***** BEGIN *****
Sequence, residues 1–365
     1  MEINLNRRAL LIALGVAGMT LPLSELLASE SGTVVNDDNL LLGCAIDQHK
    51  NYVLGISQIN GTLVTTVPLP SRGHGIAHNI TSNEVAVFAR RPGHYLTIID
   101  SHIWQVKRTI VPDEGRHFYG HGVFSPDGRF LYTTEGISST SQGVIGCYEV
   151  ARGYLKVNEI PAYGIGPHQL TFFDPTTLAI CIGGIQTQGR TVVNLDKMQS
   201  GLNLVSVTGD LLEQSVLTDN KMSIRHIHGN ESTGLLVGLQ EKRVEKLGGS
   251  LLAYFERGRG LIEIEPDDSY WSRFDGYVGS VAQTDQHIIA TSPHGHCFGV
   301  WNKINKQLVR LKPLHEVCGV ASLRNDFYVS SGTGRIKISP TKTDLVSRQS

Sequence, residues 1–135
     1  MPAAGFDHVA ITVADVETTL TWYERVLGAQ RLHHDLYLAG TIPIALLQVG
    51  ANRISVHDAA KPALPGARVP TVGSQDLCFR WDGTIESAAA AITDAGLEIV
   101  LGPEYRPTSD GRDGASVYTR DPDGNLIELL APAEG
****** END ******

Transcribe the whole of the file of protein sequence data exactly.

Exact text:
Sequence, residues 1–365
     1  MEINLNRRAL LIALGVAGMT LPLSELLASE SGTVVNDDNL LLGCAIDQHK
    51  NYVLGISQIN GTLVTTVPLP SRGHGIAHNI TSNEVAVFAR RPGHYLTIID
   101  SHIWQVKRTI VPDEGRHFYG HGVFSPDGRF LYTTEGISST SQGVIGCYEV
   151  ARGYLKVNEI PAYGIGPHQL TFFDPTTLAI CIGGIQTQGR TVVNLDKMQS
   201  GLNLVSVTGD LLEQSVLTDN KMSIRHIHGN ESTGLLVGLQ EKRVEKLGGS
   251  LLAYFERGRG LIEIEPDDSY WSRFDGYVGS VAQTDQHIIA TSPHGHCFGV
   301  WNKINKQLVR LKPLHEVCGV ASLRNDFYVS SGTGRIKISP TKTDLVSRQS

Sequence, residues 1–135
     1  MPAAGFDHVA ITVADVETTL TWYERVLGAQ RLHHDLYLAG TIPIALLQVG
    51  ANRISVHDAA KPALPGARVP TVGSQDLCFR WDGTIESAAA AITDAGLEIV
   101  LGPEYRPTSD GRDGASVYTR DPDGNLIELL APAEG